Bill Self will be looking to sign a few good men — up to four, actually — in the recruiting class of 2010.
“We know we have Sherron (Collins) to replace, Mario (Little) to replace, a great chance we’ll have to replace Cole (Aldrich) and maybe somebody else (Xavier Henry),” Self, KU’s seventh-year coach, said before hitting the road for today’s start of the July evaluation period.
Coaches can evaluate high school prospects nationwide today through July 15 and again July 22-31.
“We have multiple scholarships to give, and we need to get the best player at several spots. Knowing what we’re going to lose ... we probably need a big (center), a big guard and point guard. Those are areas we’re looking at,” Self said.
KU long ago filled one of its 2010 slots with Royce Woolridge, a 6-foot-3 senior combo guard from Phoenix. He announced for KU after his sophomore year at Sunnyslope High School.
“It’s still early. We have one commitment,” Self said, not allowed to talk about Woolridge until the November signing date in accordance with NCAA rules. “I think we’re in good shape, but in recruiting you never know. After July, we’ll have a better feel where we are.”
It’s no secret which players Self will be tracking during his trips to AAU events in Ohio, Nevada, Georgia, South Carolina, Florida and various other spots.
Top Rivals.com prospects include: Harrison Barnes, 6-6, small forward, Ames, Iowa; Ray McCallum, 6-1, point guard, Detroit; Brandon Knight, 6-3, point guard, Coral Springs, Fla.; Luke Cothron, 6-8, power forward, Red Springs, N.C.; Cameron Clark, 6-6, small forward, Sherman, Texas; Joe Jackson, 5-11, point guard, Memphis; Cory Joseph, 6-3, point guard, Henderson, Nevada; Doron Lamb, 6-4, shooting guard, Mouth of Wilson, Va.; and Terrence Jones, 6-8, power forward, Portland.
At the top of the list in the Class of 2011 is Bradley Beal, a 6-3 junior from St. Louis. Perry Ellis, a 6-7 sophomore from Wichita Heights, is the prize of the Class of 2012.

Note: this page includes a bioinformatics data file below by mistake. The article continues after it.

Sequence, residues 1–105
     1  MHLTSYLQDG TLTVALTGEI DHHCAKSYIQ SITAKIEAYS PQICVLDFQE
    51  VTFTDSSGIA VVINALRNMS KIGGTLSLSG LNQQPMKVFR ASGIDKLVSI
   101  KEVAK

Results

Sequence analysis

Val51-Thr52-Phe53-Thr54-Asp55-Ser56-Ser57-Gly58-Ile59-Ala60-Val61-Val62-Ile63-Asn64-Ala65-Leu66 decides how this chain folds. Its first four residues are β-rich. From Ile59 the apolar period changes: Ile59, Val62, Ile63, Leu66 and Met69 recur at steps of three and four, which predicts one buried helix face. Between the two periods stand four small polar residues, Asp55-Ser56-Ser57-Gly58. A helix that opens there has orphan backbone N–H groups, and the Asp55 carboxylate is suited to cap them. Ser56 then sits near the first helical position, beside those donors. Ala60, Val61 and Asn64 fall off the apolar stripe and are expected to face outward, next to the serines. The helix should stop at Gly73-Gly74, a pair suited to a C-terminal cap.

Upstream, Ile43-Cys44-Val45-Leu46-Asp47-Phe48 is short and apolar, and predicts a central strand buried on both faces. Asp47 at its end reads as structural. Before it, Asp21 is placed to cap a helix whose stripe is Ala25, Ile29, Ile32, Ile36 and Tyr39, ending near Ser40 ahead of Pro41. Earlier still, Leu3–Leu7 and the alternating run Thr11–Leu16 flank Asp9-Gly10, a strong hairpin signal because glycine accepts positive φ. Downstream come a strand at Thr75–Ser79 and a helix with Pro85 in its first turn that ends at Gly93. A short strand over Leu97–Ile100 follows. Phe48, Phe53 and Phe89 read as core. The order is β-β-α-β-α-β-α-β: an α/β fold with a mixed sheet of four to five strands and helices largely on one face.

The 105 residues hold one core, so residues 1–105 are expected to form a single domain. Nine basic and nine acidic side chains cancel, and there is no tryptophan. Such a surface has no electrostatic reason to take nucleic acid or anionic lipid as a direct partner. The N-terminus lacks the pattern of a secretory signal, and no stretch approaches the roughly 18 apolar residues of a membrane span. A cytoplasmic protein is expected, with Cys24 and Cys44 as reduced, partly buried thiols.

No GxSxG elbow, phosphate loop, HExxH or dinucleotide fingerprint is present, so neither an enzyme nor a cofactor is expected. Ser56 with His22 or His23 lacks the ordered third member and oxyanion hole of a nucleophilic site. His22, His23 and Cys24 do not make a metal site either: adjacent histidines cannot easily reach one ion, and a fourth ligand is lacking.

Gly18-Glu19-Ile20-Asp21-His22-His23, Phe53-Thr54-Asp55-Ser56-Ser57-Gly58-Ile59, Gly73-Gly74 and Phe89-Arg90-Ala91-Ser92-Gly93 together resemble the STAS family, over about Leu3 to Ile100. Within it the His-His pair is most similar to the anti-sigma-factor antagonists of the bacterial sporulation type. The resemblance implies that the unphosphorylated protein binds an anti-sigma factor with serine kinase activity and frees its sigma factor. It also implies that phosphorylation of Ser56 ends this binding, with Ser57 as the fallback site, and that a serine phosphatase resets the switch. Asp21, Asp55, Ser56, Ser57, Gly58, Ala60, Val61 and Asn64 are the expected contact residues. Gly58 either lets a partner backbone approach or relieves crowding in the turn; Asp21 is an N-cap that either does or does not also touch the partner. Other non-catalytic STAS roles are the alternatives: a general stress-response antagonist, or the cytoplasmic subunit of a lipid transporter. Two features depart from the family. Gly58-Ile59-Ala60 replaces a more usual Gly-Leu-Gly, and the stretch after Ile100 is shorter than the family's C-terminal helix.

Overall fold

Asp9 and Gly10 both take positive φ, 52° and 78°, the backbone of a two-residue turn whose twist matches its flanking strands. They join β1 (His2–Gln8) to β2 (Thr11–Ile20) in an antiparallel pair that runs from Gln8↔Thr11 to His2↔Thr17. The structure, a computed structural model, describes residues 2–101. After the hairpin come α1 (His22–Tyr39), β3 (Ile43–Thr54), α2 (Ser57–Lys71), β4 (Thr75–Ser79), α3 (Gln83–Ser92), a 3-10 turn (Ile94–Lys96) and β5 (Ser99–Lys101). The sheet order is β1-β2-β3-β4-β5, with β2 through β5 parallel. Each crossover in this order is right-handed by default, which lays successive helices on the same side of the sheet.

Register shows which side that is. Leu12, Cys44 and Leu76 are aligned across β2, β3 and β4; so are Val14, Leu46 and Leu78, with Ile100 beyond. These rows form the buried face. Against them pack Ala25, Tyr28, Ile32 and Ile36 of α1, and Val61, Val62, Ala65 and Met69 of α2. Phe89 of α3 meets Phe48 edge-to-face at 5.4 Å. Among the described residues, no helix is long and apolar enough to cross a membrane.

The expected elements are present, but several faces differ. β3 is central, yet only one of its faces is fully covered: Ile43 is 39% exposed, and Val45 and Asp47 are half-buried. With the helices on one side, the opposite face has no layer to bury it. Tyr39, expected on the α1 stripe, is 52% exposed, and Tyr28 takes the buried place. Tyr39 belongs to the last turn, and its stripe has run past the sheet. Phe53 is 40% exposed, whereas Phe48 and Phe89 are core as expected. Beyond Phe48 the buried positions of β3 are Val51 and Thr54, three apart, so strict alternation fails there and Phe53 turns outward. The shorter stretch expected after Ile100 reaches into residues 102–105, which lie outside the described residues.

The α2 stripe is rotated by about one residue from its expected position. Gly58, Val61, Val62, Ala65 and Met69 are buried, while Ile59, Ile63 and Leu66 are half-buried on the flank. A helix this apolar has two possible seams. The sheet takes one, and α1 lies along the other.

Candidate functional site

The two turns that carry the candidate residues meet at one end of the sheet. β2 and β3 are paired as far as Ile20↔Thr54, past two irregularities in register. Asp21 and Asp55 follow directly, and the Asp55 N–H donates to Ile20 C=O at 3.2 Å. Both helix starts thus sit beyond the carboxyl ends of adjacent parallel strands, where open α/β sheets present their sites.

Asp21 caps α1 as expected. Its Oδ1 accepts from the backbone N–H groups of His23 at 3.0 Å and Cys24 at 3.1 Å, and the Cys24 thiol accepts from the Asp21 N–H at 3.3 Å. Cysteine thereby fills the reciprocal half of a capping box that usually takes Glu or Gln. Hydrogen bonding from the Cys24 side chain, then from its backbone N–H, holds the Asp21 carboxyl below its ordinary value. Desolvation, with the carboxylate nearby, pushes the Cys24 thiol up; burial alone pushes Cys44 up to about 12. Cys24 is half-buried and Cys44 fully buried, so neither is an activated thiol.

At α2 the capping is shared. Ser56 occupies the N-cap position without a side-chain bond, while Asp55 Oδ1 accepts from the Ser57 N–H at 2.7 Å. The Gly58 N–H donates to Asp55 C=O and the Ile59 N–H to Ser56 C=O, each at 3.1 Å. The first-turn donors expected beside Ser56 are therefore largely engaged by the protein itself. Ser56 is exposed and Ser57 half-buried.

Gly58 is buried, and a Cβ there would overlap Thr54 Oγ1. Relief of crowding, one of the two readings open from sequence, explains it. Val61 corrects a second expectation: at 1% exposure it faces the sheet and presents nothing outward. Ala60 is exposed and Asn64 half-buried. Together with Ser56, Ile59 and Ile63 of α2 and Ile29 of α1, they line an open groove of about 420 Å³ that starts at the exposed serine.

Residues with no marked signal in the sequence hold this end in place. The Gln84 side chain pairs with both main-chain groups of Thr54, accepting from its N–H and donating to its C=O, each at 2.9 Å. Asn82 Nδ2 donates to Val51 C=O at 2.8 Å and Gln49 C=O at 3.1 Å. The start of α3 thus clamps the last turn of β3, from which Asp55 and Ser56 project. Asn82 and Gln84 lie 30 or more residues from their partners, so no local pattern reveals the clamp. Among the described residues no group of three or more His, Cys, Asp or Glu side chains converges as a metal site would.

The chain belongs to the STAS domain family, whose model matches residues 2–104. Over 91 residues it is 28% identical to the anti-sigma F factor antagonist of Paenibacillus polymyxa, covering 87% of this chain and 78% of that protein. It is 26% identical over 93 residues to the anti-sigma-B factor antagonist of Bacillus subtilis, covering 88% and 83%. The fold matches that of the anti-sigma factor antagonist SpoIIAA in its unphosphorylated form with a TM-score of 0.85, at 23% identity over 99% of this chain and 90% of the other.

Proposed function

“I’m looking forward to getting to see the guys we’ve been talking to and a lot of young kids I’ve not seen play,” Self said of players in the Classes of 2011, ’12 and ’13. “It’s a great chance for us to get out and evaluate.”
Self admits the month of July can be a grind.
“I do like summer recruiting,” he said. “I don’t think we need quite as many dates as they give us. I do think the level of play plateaus out big-time. I’m a proponent of summer recruiting. I just don’t know if it needs to be this long.”
Here are some questions and Self’s answers concerning recruiting:
Q: Is your goal to land commitments from players when they are sophomores and juniors, as opposed to seniors?
A: I’m not hung up on trying to get kids to commit as freshmen and sophomores. If he’s a can’t-miss, of course ... s big key in getting guys early is geography. In our location ... I’m not making excuses, it’s harder getting kids to us. We’re a plane ride away. Times are tough economically, as everybody knows. It’s a big advantage when kids are able to get in (on unofficial visits).
Q: Do you worry about getting a commitment from a sophomore and having the player change his mind down the line?
A: In basketball, you make a verbal commitment, chances are it sticks. In football ... I get a kick out of football recruits who say, ‘I commit to so and so and am looking forward to visiting another school that week.’
Q: Do you try to recruit a certain area more than others?
A: Our top nine last year (national title team) were from Brooklyn (Russell Robinson), Dallas (Darrell Arthur), Oklahoma City (Darnell Jackson), Minnesota (Aldrich), Chicago (Collins), Kansas City (Brandon Rush), Seattle (Rodrick Stewart), Anchorage (Mario Chalmers) and Siberia (Sasha Kaun). We’ve had players from all over. The best players who fit what you are trying to do is what we try to go after.
Q: Do you try to recruit close to home?
A: We do want to recruit the best players in our back yard. There’s good, young talent in the state. We are pursuing some of that talent. There’s something to be said about local flavor because it (playing for KU) means a lot to them. It’s important you get those guys close to home, and the flip side is not to let anybody come in and get your guys. There’s a turf there you don’t want anybody to think they can come in your area and recruit and be successful.
Q: Are you in favor of the early November signing period?
A: I think the early period in basketball is good. In basketball, kids are committing earlier and earlier. You could almost have a signing period their junior year. I know we won’t, but it’s about what it comes down to.
Q: Do you only want to sign McDonald’s All-Americans?
A: I like coaching the most talented guys, but look at our (title) team and the ones coach (Roy) Williams and (Larry) Brown had that were successful. The foundation of those teams were Darnells, Sashas, Russells. In ’88, coach Brown had Danny (Manning) and Kevin (Pritchard), but also had the (Jeff) Gueldners and (Chris) Pipers and (Milt) Newtons. Those were guys who came in, worked hard and got better. We’ve had headliners, but also solid guys who allowed the headliners to be headliners. You need a blend of guys who can get you 20 a night and those who understand their role and help you get 20.”